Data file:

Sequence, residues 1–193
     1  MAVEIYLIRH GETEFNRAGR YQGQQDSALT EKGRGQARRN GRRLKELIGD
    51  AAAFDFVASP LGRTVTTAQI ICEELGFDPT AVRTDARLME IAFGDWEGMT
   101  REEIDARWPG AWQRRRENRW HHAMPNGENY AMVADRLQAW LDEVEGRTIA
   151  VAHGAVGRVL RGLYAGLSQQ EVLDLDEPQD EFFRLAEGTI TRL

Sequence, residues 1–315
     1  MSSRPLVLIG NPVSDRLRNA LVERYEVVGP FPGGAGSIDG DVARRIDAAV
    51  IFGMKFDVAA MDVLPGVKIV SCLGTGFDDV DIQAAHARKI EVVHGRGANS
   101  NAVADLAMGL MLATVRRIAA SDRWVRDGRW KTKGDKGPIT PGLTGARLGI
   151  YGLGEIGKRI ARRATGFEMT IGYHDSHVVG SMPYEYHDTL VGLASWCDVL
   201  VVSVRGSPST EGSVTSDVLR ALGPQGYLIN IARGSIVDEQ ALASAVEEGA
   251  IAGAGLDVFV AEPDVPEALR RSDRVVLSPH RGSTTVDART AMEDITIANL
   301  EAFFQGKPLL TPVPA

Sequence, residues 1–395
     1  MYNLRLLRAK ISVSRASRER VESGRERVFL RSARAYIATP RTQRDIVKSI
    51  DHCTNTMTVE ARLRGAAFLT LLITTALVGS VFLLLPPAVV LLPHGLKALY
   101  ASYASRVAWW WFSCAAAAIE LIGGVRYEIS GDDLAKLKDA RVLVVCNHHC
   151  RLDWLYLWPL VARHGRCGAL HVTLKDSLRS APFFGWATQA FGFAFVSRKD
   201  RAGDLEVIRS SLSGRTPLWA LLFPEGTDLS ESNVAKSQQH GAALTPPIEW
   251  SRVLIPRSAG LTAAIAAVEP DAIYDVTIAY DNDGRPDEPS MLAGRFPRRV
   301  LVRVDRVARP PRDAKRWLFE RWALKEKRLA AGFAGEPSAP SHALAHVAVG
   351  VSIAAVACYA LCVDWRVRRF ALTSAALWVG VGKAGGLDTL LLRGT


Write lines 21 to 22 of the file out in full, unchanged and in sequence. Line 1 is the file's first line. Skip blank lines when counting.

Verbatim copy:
   301  LVRVDRVARP PRDAKRWLFE RWALKEKRLA AGFAGEPSAP SHALAHVAVG
   351  VSIAAVACYA LCVDWRVRRF ALTSAALWVG VGKAGGLDTL LLRGT